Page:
Sandra Gould Ford, in her office in Homewood, Pennsylvania, 2017.

Courtesy LaToya Ruby Frazier / Gavin Brown’s Enterprise

In 2015, the same year she was awarded a MacArthur “genius” grant, Frazier met Sandra Gould Ford, another insider, at a conference in Pittsburgh. In an e-mail correspondence, Frazier told me that she felt an instant affinity for Ford, who is an artist, photographer, teacher, and writer. Frazier learned that Ford had been a secretary and clerk at Jones & Laughlin Steel Company, a competitor of Edgar Thomson Steel Works, where Frazier’s step-grandfather had worked. There were other synchronicities—both had lived in Pittsburgh’s Talbot Towers housing project in the eighties, when Frazier was a newborn and Ford was a newlywed, Frazier told me. Ford occupied a part of Frazier’s mind for two years, until the two women reconnected this past summer and began an artistic collaboration. The result is “On the Making of Steel Genesis: Sandra Gould Ford,” a joint series, currently on view at the August Wilson Center, in Pittsburgh, that forges a record of Pittsburgh’s black working-class life from Ford’s excerpted photographs and Frazier’s humane storytelling.

Sandra Gould Ford’s copy of the July, 1945, issue of “Men and Steel,” Jones & Laughlin’s magazine for employees and shareholders. Cyanotype print.

Courtesy LaToya Ruby Frazier / Gavin Brown’s Enterprise

Frazier’s portraits of Ford give the sprawling show its center. Once she began photographing Ford, Frazier told me, “it was difficult for me to stop.” “We were inseparable. I’d arrive at her house in Homewood, PA around 10 am and spend the entire day until 10pm or 11 pm.” Through Frazier’s lens, Ford is conveyed as a woman full of grace, humor, and memory. She smiles, but just barely, cradling a hard hat in her home office, her jacket emblazoned with a Jones & Laughlin insignia. From a distance, Frazier finds Ford sitting on the bank of the Monongahela River, a body of water that had been corrupted by the once-blasting furnaces and mines. In another, Ford inspects old J. & L. meters, choked by overgrown brush. Frazier’s deferential vantage point gives the impression that she is following Ford, physically and spiritually. Theirs is not the conventional dynamic of artist and muse; both photographer and subject are black women at work.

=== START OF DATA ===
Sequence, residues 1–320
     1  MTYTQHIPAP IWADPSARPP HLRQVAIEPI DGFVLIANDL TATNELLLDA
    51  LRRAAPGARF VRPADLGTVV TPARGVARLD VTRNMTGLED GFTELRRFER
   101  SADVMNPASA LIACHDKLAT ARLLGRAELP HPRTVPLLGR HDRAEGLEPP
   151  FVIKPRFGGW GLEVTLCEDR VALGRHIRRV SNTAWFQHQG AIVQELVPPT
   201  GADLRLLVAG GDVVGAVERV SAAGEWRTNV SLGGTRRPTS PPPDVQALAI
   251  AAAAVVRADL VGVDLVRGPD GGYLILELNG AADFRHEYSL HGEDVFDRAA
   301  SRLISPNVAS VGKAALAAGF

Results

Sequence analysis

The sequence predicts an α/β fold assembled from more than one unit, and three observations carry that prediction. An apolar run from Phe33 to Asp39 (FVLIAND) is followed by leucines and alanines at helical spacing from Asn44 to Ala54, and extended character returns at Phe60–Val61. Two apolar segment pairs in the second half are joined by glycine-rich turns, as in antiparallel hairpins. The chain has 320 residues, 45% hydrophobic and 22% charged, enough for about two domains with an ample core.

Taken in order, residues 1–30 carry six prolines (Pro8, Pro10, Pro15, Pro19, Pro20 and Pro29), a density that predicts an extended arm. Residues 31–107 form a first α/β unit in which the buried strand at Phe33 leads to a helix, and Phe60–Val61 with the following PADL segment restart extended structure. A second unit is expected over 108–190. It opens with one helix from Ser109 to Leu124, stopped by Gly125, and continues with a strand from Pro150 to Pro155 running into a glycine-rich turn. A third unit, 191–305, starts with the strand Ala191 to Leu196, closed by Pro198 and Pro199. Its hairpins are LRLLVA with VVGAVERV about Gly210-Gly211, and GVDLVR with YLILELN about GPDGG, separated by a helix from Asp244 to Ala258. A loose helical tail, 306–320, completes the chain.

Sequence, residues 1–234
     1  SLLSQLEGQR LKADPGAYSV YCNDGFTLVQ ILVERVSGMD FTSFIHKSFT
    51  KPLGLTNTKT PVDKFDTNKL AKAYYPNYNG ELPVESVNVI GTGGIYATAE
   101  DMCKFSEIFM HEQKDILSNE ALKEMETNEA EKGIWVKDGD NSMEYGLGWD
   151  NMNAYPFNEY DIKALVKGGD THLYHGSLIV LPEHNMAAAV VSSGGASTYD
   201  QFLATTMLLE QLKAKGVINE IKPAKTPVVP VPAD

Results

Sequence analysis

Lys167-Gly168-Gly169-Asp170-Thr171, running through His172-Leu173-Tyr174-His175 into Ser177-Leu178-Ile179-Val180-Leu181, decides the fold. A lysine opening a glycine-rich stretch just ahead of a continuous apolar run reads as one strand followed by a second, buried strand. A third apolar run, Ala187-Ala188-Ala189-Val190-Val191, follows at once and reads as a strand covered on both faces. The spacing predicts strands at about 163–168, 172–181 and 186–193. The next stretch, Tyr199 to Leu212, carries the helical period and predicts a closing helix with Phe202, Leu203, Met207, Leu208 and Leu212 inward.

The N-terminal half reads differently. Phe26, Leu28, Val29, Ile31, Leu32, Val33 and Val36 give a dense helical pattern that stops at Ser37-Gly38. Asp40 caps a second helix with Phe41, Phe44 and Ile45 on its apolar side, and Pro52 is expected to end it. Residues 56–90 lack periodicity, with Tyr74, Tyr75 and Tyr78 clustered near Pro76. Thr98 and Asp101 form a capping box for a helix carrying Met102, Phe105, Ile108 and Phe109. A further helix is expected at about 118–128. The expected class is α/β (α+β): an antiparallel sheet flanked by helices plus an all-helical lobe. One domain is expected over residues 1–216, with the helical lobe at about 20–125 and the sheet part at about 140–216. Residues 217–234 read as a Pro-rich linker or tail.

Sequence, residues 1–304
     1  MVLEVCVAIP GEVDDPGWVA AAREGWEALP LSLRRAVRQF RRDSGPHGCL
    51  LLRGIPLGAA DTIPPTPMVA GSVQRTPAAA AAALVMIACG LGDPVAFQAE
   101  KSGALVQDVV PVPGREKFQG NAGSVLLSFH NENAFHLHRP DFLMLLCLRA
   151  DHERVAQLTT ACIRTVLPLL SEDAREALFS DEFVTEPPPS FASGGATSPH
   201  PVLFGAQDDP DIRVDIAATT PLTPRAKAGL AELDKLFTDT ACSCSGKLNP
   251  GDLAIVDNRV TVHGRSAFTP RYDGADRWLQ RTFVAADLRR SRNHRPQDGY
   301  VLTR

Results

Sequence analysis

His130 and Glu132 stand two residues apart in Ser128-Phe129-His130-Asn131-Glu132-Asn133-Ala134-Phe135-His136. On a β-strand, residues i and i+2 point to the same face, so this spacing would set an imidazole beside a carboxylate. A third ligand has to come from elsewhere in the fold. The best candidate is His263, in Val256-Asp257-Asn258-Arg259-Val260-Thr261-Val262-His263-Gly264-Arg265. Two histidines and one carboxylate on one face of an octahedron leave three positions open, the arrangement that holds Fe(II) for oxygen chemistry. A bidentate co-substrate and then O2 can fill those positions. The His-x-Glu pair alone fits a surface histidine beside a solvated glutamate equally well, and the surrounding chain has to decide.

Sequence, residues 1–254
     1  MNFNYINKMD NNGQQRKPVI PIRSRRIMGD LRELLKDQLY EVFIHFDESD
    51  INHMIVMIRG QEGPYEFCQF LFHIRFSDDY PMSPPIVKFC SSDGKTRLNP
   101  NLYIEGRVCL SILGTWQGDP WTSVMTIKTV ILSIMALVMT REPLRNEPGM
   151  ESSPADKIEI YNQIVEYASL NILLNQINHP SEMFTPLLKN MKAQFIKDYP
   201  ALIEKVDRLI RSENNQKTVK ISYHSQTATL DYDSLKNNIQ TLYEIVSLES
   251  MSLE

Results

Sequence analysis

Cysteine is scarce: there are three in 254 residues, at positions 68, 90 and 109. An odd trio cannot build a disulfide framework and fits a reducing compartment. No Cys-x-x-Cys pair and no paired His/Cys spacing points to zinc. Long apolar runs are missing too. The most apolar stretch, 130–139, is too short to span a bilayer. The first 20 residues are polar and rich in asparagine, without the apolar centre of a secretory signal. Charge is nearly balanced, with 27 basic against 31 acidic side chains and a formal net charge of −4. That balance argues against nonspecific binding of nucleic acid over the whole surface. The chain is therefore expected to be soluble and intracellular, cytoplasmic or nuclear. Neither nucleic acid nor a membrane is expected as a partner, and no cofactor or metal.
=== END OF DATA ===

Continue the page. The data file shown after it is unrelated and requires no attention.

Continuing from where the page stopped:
Frazier, the portraitist, sometimes suspends us in the sky. As her aerial photographs scan Pittsburgh’s changing grid, Ford supplies the exhibit’s history. A self-appointed archivist, Ford did lay anthropology work following J. & L.’s closure, “documenting the human traces on the factory infrastructure.” Frazier wrote to me. She collected original copies of company grievance records and fatal-accident reports, and hundreds of documents pertaining to the closing of the mill. At J. & L., photography was forbidden, but Ford took pictures anyway, at covert angles. “Goodby Mice + Rats,” is scratched into one wall in a photo taken right after the complex shut down; “Pensions Please” is etched into another.

Workplaces create special cultures, and the disappearance of industry can see those cultures reduced or obliterated. Frazier chose to make cyanotypes of Ford’s documents, turning them a chemical dark blue. This emphasis on process, I think, reminds the viewer that art, too, is a synthetic labor, an accumulation of intentions, of access, and of time. In a sense, the re-making of Ford’s J. & L. paraphernalia acts as oblique portraiture of a community of workers, of the unknown and the dead. Frazier, who does not mince words when it comes to her moral instincts, told me that the exhibit is intended as a memorial. The artist-archivist, invested in the virtues of both occupations, is a public figure the country needs.

“On the Making of Steel Genesis: Sandra Gould Ford” will be on view at the August Wilson Center, in Pittsburgh, until December 31, 2017.

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November 1, 2017 at 07:15AM